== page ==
PHARMA/PHYSICIANS: Yet more on Rx data sales

The NEJM has a perspective about the sale of Rx data of physicians prescribing patterns, which caused a lot of fuss on THCB a while back. In my view this is problem about number 728 on the docket of what’s wrong in American health care, and those physicians complaining about it should look to solve the first several hundred before they set their sites on changing the law, or just kick the drug reps out of their offices. There’s nothing particularly good about the current situation but it’s just not that big a problem and banning the sale of data won’t change it too much. the perspective from Robert Steinbrook largely agrees.

Prohibiting the release of prescribing data to sales representatives will not put an end to another practice to which some physicians object: the use of such data by managed care or pharmacy benefit managers. These entities have sources of information that are independent of the AMA Masterfile. It also will not stop visits from sales agents, which doctors have always had the right to refuse, nor will it curtail the marketing of drugs. According to the AMA, the potential effects of restricted release may include a reduction in the number of “offers physicians currently receive from the pharmaceutical industry, such as drug samples, CME programs and speaking engagements.”

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  1. As an ex-drug rep, we used this data at meetings, and when calling on doctors. We would analyze who would receive inducements (bribes) according to what the data said about thier support for our company’s drugs.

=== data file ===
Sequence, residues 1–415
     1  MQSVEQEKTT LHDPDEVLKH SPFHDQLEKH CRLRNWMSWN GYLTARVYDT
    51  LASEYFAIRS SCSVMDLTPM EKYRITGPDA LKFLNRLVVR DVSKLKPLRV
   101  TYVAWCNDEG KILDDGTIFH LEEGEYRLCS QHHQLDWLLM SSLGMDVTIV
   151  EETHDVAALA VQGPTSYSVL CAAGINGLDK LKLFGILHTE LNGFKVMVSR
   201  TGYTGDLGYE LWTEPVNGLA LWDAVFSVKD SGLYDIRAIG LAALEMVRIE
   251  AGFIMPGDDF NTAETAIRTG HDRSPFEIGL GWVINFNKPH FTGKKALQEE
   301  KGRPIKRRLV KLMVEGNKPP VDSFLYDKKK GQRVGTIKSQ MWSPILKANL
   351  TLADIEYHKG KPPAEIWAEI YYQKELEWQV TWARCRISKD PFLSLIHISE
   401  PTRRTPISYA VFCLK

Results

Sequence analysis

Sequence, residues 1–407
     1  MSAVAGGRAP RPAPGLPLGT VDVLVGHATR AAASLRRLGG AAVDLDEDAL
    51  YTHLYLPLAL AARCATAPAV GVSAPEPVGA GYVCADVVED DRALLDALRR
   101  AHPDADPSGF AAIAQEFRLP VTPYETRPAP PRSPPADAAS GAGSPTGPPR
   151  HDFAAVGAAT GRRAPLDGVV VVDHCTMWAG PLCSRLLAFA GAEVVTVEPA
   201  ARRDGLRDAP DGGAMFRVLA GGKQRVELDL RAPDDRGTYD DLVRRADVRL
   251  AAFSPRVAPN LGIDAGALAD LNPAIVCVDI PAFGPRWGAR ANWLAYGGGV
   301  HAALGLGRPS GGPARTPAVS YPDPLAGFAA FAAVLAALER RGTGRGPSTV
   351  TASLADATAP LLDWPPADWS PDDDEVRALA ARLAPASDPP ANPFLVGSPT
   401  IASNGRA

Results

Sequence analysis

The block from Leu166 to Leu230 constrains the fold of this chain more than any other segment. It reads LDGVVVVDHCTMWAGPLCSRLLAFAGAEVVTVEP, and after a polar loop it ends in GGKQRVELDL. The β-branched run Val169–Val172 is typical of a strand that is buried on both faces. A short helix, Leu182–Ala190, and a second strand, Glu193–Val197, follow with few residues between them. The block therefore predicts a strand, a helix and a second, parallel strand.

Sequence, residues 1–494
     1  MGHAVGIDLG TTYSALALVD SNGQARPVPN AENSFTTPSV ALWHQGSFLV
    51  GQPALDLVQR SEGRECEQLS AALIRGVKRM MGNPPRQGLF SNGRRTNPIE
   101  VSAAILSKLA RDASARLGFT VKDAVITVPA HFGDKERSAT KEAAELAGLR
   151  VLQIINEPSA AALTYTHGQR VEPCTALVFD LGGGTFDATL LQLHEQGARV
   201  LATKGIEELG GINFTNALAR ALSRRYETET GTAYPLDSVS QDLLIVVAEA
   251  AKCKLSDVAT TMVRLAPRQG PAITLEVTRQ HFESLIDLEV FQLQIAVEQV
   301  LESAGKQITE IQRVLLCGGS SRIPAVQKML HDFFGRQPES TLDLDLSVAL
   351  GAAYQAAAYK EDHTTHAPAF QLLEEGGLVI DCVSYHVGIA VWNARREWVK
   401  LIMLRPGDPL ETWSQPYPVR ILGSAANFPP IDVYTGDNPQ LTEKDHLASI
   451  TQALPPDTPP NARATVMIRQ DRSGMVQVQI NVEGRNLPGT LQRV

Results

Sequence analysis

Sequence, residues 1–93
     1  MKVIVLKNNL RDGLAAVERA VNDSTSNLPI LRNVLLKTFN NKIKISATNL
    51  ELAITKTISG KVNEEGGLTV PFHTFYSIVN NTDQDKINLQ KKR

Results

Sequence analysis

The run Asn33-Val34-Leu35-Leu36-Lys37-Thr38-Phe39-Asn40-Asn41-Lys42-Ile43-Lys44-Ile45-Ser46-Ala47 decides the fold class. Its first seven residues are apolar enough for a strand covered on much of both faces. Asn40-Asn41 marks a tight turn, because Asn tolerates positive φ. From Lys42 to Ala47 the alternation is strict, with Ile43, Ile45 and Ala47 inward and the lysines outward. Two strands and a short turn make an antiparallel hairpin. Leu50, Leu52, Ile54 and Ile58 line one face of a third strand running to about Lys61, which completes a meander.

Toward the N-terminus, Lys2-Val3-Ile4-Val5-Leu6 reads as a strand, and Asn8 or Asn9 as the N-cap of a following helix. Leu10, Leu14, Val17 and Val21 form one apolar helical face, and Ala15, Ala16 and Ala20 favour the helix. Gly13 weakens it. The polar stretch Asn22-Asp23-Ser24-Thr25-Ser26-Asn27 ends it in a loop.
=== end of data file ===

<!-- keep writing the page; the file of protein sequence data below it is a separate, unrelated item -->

The data is possible because of the American Medical Association selling it to pharmaceutical companies, and they make about 40 million a year from this activity.

  2. Not quite getting your point here, Matt. If selling Rx data to drug companies is a corrupt practice with no upside for improving quality of care, let’s stop it. Why must every reform be ranked in order of importance?
    George’s point is also valid and can be stated more broadly. When you say that such sales are “just not that big a problem”, you’re talking through your hat. We all are. There’s little information available on how drug reps are using Rx data.
    It seems reasonable to suspect that some drug reps are abusing it in the way that George alleges. In addition, having pinpoint data enables drug reps to study which marketing practices work most effectively – not on a population basis, which would no doubt continue without rx data, but doctor by doctor.
    This is really a pretty easy call – perhaps you’re just telling us that you’re bored and you want to think about more complicated issues. OK, try this: CMA/IMS program – launch of valuable physician service or trojan horse for big pharma? Discuss.

  3. In 2005, the AMA received $44.5 million in revenue — about 16 percent of its total revenue — from the sale of database products, according to NEJM. The AMA has sold individual physicians out to corporate interests.
    Your opinion about what physicians should do about selling their prescribing data is of no particular value to anyone because you don’t support it. Steinbrook’s argument addresses a separate issue and does not support your opinion. The law should be changed because of the strong potential for corruption. Corrupt drug reps have given a variety of kickbacks in the past, according to news reports, to physicians who prescribed large volumes of certain drugs.
    Steinbrook’s point isn’t valid in any case. Insurance companies who pay for prescribed drugs must have prescribing data to make payments. Doctors may not like insurance companies not paying for certain drugs, but they can’t rationally complain that insurance companies keep track the costs of drugs that they are paying out. Insurers don’t need to get data from the AMA.
    I won’t argue that this is the biggest problem in health care today but it’s one that can be solved easily without being rude to honest drug reps.

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